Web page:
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Merits of communication tower plan debated

May 11, 2010|By ANDREW SCHOTZ

PLEASANT VALLEY -- Southern Washington County residents gathered Monday to hear officials make their case for a new communications tower in the Sandy Hook area.

County officials have said a 190-foot tower would fill a wide communication gap that leaves firefighters, emergency medical service workers and police officers vulnerable.

Some residents and environmentalists were skeptical, alleging that the tower would be an eyesore in an area known for beautiful views.

About 75 people attended Monday's public meeting at Pleasant Valley Elementary School. As the meeting neared the end of its second hour, the number of speakers was about evenly split between for and against the tower.

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Eric Whitenton, a member of a group called Citizens for the Preservation of Pleasant Valley, insisted that the county find another alternative.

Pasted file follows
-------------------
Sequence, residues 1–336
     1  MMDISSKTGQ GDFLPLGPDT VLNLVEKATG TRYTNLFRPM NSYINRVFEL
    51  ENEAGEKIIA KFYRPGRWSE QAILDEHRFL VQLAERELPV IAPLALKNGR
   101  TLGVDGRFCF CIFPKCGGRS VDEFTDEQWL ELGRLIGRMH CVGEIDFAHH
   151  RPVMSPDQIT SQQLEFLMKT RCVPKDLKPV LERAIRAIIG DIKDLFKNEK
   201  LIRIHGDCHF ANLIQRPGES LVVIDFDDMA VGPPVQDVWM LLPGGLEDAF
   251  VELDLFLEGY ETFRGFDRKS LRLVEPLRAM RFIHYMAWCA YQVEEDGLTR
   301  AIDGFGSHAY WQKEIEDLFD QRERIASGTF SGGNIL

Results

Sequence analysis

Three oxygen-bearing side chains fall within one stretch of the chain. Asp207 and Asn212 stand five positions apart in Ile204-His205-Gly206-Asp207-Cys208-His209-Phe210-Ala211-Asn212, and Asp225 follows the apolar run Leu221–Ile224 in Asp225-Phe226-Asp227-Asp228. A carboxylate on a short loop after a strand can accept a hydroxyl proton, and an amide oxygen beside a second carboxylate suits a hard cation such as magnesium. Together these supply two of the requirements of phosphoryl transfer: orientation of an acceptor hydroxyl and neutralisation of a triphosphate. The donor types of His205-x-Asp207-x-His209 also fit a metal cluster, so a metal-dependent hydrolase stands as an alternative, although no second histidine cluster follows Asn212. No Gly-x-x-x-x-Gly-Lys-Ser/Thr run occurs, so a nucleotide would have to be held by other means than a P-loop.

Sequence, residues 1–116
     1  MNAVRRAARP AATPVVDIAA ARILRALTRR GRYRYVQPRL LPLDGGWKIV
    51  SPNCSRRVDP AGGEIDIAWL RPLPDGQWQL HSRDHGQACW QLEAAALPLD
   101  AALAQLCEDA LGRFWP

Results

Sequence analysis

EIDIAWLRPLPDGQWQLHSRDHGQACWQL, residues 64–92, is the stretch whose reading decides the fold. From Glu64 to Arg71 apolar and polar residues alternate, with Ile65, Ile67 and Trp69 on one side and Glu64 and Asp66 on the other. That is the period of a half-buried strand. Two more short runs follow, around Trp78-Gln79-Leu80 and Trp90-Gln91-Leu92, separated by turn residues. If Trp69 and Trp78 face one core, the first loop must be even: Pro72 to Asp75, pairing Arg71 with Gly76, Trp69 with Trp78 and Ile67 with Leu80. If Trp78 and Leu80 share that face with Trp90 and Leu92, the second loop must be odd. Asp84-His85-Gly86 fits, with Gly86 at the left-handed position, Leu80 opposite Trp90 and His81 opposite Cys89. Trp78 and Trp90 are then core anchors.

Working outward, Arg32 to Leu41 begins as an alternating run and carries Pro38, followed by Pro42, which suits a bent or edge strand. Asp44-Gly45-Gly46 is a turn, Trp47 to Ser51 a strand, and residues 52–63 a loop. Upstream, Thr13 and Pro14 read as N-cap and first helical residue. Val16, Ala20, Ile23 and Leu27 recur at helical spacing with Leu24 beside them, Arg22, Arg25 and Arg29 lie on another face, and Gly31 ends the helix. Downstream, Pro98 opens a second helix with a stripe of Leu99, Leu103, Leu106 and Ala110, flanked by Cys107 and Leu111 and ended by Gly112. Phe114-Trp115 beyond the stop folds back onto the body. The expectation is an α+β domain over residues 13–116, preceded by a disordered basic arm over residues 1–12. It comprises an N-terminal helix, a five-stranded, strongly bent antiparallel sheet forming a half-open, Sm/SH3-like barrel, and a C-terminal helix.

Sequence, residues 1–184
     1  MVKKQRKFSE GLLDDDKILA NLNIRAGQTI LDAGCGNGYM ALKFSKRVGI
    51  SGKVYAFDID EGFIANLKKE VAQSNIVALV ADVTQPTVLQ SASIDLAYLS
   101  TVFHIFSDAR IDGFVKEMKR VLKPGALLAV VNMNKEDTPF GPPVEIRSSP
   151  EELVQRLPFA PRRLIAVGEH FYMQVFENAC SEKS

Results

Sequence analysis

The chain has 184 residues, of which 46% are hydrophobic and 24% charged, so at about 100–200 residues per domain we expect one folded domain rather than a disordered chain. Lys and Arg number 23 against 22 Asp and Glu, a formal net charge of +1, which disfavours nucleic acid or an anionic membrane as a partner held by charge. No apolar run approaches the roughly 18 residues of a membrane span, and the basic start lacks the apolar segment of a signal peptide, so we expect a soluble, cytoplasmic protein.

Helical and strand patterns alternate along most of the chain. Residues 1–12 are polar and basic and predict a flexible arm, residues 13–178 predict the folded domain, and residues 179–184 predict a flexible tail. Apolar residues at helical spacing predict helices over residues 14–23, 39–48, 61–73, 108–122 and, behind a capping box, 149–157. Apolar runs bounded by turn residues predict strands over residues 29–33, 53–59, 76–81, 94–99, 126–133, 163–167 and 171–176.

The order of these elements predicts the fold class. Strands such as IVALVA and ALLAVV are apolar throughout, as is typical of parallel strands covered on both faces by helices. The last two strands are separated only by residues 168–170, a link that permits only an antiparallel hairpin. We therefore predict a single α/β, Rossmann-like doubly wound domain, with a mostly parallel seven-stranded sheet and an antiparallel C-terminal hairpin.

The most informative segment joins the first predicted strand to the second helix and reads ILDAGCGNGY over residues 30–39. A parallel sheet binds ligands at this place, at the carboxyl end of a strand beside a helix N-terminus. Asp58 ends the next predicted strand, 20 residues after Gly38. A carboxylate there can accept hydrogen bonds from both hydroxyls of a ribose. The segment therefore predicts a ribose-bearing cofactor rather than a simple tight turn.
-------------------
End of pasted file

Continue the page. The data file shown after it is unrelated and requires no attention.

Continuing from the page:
He said the new tower won't cut down on police response time, an important issue for South County residents.

Russ Plante, a Maryland State Police trooper, said better communication among emergency officials is essential.

"Sandy Hook is a radio dead spot," he said.

The county is considering three spots for a tower as part of a new communications system.

All are close to Brown Road, off Miller Avenue. John and Cora Himes own two parcels. John and Theresa Sutton own the other.

About two years ago, the county decided against using land near the intersection of Keep Tryst and Harpers Ferry roads, where the disturbance to the area would have been greater.

Pete Loewenheim, the manager of the county's Communications Maintenance Department, said the South County tower would be one of 10 in the new network.

Currently, fire, police and EMS crews using handheld radios can't reach colleagues using radios built into emergency vehicles, Loewenheim said.

Ronnie Gray, chief of the Potomac Valley Volunteer Fire Co., spoke of the frustration of seeing a colleague, but not being able to talk to him or her by radio.

Some tower opponents, though, said they weren't convinced that communications problems can't be solved another way, such as through a satellite connection.

Some speakers also challenged the county's pictures of a balloon test simulating the view, which seemed to show the newest choices as unobtrusive.

The county is accepting comments on the tower proposal through May 21.

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